US Court Won’t Rehear Its Ruling Overturning Ruzurgi’s FDA Approval
A federal appeals court has denied Jacobus Pharmaceutical’s petition to rehear its prior ruling overturning the U.S. approval of the company’s Ruzurgi to treat children with Lambert-Eaton myasthenic syndrome (LEMS).
The issue at hand is that the active agent in Ruzurgi, called amifampridine, is also the active ingredient in Catalyst’s Firdapse, which was granted the FDA’s orphan drug designation and approved in 2018 to treat LEMS patients 17 and older.
The designation is given to promote the development of treatments that can improve care for rare conditions, and it comes with certain benefits, including a seven-year period of marketing exclusivity upon approval.
In its suit, Catalyst alleged that the FDA had violated the company’s right to market exclusivity for amifampridine to treat LEMS when the agency approved Ruzurgi to treat patients ages 6–16 in 2019. A District Court upheld the FDA’s approval, but it was overturned by the 11th Circuit Court of Appeals, which has now denied Jacobus’s petition to rehear the case.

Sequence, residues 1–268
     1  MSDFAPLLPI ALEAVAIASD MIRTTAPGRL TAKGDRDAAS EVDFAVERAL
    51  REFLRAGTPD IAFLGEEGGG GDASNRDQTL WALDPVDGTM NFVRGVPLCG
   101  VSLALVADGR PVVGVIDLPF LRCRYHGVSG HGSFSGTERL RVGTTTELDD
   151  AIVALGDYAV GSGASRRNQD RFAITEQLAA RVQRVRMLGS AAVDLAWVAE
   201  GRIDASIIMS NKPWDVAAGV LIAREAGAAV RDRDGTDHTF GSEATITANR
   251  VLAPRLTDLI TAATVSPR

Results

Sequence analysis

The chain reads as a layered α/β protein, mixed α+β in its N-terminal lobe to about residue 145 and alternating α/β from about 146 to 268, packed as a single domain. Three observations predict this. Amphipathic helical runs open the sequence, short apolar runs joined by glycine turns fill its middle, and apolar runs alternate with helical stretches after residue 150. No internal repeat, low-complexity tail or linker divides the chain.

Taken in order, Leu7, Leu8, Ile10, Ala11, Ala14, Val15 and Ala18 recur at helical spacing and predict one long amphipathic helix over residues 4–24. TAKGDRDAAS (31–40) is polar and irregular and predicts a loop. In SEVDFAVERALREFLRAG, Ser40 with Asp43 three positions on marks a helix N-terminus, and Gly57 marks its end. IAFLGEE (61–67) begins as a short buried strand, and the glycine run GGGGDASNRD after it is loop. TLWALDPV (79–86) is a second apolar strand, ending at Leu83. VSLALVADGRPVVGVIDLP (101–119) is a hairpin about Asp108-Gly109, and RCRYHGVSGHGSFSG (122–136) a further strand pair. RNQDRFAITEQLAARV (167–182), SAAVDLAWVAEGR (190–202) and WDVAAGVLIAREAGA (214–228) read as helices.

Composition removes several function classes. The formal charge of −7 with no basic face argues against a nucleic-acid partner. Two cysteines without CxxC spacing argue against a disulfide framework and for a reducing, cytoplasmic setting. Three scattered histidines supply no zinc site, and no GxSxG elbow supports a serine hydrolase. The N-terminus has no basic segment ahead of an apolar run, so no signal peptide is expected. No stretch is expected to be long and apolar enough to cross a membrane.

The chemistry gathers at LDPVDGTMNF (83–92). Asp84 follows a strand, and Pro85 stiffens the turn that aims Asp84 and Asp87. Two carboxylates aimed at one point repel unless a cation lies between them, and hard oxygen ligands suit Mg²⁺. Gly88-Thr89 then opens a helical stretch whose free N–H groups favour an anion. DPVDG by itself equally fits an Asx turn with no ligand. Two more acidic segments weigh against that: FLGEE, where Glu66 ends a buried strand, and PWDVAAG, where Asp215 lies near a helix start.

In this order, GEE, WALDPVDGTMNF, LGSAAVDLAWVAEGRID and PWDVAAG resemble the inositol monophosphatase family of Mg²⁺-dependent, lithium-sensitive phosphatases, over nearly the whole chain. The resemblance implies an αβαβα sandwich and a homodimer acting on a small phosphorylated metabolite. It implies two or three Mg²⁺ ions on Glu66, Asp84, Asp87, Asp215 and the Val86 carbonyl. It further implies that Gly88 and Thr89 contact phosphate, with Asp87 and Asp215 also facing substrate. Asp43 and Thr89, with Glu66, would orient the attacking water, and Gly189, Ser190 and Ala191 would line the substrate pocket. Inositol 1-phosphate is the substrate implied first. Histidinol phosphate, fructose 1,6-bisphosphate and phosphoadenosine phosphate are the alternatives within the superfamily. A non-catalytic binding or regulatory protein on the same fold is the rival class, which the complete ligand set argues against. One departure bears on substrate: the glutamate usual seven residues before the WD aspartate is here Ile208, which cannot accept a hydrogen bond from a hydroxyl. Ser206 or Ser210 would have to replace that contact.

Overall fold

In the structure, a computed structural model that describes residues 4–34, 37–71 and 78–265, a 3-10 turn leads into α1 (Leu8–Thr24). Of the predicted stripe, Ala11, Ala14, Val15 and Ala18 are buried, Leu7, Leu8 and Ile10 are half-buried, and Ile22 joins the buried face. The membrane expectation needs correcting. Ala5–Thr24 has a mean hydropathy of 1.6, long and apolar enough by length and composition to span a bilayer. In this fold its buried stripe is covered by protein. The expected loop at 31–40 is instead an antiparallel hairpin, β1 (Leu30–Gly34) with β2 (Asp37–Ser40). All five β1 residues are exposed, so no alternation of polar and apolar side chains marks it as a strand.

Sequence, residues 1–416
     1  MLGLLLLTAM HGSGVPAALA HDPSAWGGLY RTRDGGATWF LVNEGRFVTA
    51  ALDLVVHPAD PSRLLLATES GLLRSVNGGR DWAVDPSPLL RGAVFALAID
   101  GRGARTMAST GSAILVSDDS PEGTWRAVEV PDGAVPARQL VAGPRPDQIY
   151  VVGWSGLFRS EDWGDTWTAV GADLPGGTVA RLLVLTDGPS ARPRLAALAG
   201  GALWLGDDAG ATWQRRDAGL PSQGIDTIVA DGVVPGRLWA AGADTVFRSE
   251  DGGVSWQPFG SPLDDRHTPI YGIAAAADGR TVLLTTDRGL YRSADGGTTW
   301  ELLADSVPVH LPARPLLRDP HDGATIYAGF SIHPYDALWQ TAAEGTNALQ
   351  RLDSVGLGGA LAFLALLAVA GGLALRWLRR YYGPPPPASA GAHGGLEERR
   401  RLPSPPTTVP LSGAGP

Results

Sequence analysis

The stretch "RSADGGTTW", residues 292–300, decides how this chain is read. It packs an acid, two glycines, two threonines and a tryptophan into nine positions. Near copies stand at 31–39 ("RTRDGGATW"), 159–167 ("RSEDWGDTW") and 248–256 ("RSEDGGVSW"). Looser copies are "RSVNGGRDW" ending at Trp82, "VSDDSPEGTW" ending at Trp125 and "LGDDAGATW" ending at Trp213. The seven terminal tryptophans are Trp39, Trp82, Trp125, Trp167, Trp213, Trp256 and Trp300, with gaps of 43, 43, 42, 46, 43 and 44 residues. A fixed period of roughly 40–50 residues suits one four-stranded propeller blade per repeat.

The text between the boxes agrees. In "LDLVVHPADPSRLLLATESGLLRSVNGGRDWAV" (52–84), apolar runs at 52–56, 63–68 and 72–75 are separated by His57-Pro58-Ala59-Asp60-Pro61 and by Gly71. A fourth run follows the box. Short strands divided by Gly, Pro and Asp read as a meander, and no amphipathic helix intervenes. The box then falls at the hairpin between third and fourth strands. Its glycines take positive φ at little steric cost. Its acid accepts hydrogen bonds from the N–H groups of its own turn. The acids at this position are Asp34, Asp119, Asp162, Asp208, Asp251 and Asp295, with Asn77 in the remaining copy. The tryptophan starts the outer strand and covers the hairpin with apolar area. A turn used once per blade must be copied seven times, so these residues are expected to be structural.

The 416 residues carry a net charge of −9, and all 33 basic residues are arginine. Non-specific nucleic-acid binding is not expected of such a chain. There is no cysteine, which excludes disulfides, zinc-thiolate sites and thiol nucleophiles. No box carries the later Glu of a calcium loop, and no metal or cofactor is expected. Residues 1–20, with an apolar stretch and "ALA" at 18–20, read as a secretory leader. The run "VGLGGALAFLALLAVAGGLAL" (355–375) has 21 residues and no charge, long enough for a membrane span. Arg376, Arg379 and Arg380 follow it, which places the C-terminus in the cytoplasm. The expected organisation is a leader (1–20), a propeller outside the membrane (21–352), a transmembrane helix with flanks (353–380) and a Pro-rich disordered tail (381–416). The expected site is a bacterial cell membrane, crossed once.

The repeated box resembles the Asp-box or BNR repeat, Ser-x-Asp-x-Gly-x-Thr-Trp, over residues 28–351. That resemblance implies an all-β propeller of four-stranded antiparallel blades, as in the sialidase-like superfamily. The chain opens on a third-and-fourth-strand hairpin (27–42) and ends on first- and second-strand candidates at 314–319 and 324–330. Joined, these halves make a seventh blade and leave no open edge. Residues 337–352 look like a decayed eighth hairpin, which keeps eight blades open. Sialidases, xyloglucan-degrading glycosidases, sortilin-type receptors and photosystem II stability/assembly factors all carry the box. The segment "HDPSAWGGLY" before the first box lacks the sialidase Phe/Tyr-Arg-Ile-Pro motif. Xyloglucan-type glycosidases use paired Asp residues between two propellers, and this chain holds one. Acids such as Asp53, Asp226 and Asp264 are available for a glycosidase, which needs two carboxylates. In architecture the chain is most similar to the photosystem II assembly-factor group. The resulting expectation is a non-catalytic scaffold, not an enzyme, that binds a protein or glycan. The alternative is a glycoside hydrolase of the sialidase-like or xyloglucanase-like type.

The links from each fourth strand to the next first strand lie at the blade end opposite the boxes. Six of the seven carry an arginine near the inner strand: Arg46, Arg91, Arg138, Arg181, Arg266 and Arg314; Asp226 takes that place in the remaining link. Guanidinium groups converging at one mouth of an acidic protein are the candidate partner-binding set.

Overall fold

Catalyst is offering a program called Catalyst Pathways to help adults on Ruzurgi switch to Firdapse. While the program is not designed for children, Catalyst has stated that its staff are available to help parents of children with LEMS find ways to get access to Firdapse, such as via an expanded access program.
“Our patient-focused Catalyst Pathways team stands ready to provide information to patients currently being treated with Ruzurgi on how best to transition to Firdapse,” Patrick J. McEnany, chairman and CEO of Catalyst, said in a press release.
“Catalyst’s priority has always been, and will continue to be, to put patients’ needs first, and we are well prepared to address their questions and do everything we can to ensure that all LEMS patients continue with uninterrupted access to amifampridine for treating their LEMS condition, whether through commercial access or compassionate use access for those who qualify,” McEnany added.